Tuesday, 28 July 2015

Virtual Personality and Professional Boundaries

We live in the age that takes virtual existence very seriously. Virtual existence has become an inseparable part as much for any business as for an individual. We want people to know, notice and like the fact that we eat at particular place, meet certain people or travel abroad. We want our life to be tagged, liked, commented upon and shared. Our popularity depends on the traffic gathered by our web page visits. Our ego gets a boost with the number of likes for our professional and personal milestones. Our check-ins are the direct indicators of our social lifestyles that hint at our professional success.
Basically we want our virtual personality to be impressive.

But what about virtual intelligence? Are we being virtually intelligent? It is about time we start thinking hard about what we write, like and dislike online! With little privacy left in the virtual world, your internet identity is a guide to your individual dignity. And more often than not, people will take you for your online image. This includes not just your friends and family but your teachers, colleagues, employees and former employers.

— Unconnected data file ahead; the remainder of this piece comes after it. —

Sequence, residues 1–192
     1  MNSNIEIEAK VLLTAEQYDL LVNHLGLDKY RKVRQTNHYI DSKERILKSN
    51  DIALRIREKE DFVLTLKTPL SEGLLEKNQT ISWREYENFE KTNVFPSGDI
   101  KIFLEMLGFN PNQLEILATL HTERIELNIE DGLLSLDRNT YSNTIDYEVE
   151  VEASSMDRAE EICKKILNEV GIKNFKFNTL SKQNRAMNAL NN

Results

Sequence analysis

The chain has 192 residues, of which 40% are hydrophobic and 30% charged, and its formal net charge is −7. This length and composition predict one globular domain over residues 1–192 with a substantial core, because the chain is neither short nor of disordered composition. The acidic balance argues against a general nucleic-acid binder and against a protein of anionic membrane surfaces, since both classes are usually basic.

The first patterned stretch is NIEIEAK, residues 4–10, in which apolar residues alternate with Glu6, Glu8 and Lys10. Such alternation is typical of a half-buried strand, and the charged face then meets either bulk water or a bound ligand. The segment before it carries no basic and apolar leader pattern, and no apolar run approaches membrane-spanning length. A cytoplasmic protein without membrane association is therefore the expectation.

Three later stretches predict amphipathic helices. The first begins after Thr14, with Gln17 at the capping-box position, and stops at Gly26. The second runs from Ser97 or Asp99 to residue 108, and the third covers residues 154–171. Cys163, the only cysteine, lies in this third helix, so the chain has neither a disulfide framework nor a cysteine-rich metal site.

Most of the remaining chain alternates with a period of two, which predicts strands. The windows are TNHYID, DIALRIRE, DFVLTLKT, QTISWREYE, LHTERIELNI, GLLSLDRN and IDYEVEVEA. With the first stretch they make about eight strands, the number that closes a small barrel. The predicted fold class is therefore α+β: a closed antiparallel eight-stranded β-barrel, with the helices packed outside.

Missing the point?

All shall agree that it is easier to look on the internet for maps, books, movies, shops, sale, weather forecasts, hospitals, hotels and prospective employees too. And reviews by strangers seem so helpful and reliable. With this logic, employers have begun to dig up information about their employees, current and prospective through social media. It is a different debate altogether on whether the employers should trace their employees’ virtual existence? However, there has been a general trend to do so and employers find it easier to authenticate the claims of your resume. Research studies indicate that social media like Linkedin is often referred to for hiring talent and to gain professional publicity. While such professional network gives indication of your work background and reliability, other personal media networks are often traced to see if you are the right fit for cultural/social background that a particular office set up demands.

Besides, such checks allow employers to conduct a reasonable surveillance to ensure that an employee is not causing any harm to the employers’ reputation. Remember, your work agreement bounds you not to reveal professional information of various categories in public? Recently, a well recognised educational institute in Mumbai fired its teaching staff owing to the ranting comments on social media about the professional life.

How one chooses to handle their social media is a completely personal choice. But we caution you to be virtually wise. Write blogs/posts that are creative, information, analytical. Use virtual media intelligently because there is a chance your unethical comment on inane issues may cost you your job.